Read full article @ www.philstar.com

[Statement] On the creation of DOTC-DOE-DOJ task force: Government action or ploy? – PMT

Reacting to the nationwide protest actions spearheaded by transport groups held Monday, Transportation Secretary Mar Roxas announced the creation of a tri-agency task force to look into the pricing scheme of oil companies to determine if there is truth to suspicions they work as a cartel to control prices of oil in the country. Along with the Justice and Energy department, the task force will investigate complaints of overpricing and determine if price increases were just and reasonable.

“We find this announcement very suspicious. Was it meant to address the grievance raised by transport workers on oil prices or just another ploy to deceive us and the public?” said Dante Lagman, President of militant transport group Pagkakaisa ng Manggagawa sa Transportasyon (PMT).

On September 14, 2011, the Pagkakaisa ng Manggagawa sa Transportasyon (PMT) filed a complaint with the DOJ. They want oil companies, particularly the Big 3 (Petron, Shell and Caltex), to be prosecuted and penalized for collusion, overpricing and price manipulation.

“In our complaint, we asked the DOE-DOJ task force to act within the 30 day mandatory period. This task force is a mechanism created by the Oil Deregulation Law (ODL) to check abuses by oil companies, contrary to claims by government that they are powerless against patently unfair and unreasonable oil price increases. The wisdom of the 30 day period guarantees swift and decisive action to arrest the exploitative nature of the oil oligopoly. It’s just that this remedy was never exercised. Government opted to protect the interest of oil companies over the masses.” stressed Lagman.

“We fear that the tri-agency of Roxas aims to once again circumvent the law.It is a ploy to let the masses think that PNoy administration is doing something to solve the problems of the country. Worse, it will rule in favor of the oil companies and proclaim that deregulation can still work.”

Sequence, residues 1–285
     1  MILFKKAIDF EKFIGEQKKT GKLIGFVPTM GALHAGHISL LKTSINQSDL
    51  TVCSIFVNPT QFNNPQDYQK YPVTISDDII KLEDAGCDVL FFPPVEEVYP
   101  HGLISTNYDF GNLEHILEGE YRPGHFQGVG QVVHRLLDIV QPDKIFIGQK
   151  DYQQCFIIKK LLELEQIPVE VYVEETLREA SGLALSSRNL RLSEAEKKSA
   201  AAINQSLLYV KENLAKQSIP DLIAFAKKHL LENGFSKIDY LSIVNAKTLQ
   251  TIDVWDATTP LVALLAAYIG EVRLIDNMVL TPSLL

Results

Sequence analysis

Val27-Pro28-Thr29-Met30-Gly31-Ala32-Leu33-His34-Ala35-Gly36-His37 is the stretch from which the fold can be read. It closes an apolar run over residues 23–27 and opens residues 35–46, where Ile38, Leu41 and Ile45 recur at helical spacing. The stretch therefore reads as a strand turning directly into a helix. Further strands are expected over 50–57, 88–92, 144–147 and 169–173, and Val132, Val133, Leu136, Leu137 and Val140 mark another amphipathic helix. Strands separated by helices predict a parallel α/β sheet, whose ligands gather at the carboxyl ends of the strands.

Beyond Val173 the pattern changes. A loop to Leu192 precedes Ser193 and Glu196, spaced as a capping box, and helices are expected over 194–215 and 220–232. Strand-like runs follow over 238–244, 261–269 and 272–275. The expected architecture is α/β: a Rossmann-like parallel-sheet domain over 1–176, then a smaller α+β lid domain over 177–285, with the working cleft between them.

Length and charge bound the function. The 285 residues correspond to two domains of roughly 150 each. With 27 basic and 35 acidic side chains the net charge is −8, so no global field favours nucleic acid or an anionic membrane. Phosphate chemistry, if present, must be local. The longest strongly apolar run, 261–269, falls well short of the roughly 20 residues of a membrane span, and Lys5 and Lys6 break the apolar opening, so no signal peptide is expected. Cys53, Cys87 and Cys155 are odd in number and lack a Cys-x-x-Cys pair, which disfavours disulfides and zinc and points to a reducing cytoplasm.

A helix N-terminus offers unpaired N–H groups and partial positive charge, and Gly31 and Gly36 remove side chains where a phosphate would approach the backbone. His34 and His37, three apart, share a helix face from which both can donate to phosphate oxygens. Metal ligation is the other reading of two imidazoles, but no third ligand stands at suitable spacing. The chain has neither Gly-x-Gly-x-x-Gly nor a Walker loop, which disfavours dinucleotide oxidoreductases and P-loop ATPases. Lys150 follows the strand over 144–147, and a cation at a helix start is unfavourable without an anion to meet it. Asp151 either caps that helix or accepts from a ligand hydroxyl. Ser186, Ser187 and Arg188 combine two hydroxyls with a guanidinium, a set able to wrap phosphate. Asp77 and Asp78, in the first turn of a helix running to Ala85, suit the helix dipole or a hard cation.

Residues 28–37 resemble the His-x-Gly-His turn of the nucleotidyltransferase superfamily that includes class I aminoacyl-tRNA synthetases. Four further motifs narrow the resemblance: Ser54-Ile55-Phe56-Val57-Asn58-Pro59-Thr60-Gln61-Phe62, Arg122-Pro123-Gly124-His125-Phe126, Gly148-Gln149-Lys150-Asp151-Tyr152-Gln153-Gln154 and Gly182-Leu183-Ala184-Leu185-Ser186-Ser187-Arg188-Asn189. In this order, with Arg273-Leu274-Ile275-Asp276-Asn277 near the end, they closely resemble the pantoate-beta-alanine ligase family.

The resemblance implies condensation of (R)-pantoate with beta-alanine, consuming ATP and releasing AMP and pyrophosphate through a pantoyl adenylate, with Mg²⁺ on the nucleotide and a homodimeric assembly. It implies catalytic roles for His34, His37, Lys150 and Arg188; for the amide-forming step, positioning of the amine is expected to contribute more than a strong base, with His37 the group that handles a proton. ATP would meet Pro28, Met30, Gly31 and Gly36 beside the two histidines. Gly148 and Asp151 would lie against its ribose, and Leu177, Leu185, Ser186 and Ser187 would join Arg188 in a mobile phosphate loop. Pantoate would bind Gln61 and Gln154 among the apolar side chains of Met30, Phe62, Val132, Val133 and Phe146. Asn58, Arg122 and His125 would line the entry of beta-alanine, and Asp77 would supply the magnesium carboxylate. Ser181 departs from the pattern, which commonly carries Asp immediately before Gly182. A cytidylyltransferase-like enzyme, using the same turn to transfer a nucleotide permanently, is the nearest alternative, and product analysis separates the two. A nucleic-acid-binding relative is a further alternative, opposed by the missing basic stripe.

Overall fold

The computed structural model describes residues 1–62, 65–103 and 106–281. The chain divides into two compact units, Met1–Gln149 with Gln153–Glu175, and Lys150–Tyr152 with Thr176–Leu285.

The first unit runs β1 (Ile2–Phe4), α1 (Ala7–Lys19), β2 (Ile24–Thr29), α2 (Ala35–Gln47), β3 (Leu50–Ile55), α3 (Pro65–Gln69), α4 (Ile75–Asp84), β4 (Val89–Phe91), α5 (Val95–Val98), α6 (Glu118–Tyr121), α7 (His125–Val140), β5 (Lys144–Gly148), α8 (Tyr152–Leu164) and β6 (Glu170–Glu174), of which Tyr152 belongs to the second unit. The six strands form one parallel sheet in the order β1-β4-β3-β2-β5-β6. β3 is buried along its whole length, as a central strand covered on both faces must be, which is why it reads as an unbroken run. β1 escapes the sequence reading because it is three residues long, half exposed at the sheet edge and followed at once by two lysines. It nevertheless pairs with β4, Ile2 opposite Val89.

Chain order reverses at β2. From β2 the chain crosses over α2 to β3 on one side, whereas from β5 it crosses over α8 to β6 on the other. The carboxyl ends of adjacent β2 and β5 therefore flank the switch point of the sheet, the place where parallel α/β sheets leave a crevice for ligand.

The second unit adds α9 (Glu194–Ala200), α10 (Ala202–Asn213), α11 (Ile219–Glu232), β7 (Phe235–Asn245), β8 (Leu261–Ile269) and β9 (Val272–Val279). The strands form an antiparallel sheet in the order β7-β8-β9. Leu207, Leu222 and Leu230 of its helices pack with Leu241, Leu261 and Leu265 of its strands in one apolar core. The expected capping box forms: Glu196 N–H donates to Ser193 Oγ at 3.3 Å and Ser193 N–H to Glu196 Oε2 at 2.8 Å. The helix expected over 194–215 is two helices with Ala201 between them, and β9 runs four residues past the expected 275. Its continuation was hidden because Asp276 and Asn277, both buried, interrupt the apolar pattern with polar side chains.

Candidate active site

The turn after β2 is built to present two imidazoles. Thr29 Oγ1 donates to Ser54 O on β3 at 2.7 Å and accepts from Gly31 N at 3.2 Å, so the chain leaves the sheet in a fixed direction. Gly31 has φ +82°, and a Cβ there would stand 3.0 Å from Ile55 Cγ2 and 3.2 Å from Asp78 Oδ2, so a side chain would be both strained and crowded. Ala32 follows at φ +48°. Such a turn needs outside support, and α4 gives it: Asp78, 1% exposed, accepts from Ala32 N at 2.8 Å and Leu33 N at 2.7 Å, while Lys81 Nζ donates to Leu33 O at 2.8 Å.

“The PNoy administration should stop being an accomplice to unjust profiteering by oil companies. It should instead listen to the demands of its people – substantial roll back of petroleum prices, punish oil companies, remove the VAT and repeal the Oil Deregulation Law.” concluded Lagman.

PagkakaisangManggagawasaTransportasyon (PMT)
Dante Lagman

[Press Release] Which is worse? The inability to paralyze transport or government inaction to the pleas of the people? – PMT

A question for MMDA Chairman Tolentino and Spokeperson Lacierda:

Which is worse? The inability to paralyze transport
or government inaction to the pleas of the people?

Palace spokesperson Lacierda and MMDA Chairman Tolentino are in a chorus. They say that the so-called transport strike was a “dud” because it failed to paralyze transport in the country.

But which is worse? The failure to paralyze transport? Or government failure to address spiraling oil prices and its paralysis on the people’s demand for oil regulation, a bigger and substantial rollback, and the removal of VAT on petroleum products?

Infinitely much worse is a government that is a willing and able accomplice to unjust and immoral profiteering by the oil industry. A government, which does not lift a finger to bring down oil prices because it collects more taxes, through VAT, in as much as prices increase in a deregulated market.

Was the recent “transport strike” a success or a failure? How do we measure a success of a strike (be it in transportation or in factories)? First, a strike must be able to paralyze the operations of a business. Second, as a consequence of the stoppage in the circulation of capital, the management gives in to the demands of the strikers, which could either be a partial or full concession to them.

Using these two conditions, we could say that the so-called “strike” was a failure. Even before September 19, the PMT knew that organized groups in the transport sector have not mustered enough strength and conviction to paralyze transport. In so doing, we called for a nationwide protest, not a strike, for the regulation and control of the oil industry.

This “mistake” of PISTON and Mateo is not a costly one; and could be justified. They probably used the term “transport strike”, more for propaganda than an actual call to paralyze transport, in order to highlight a just and moral demand that needs more attention in the mainstream media.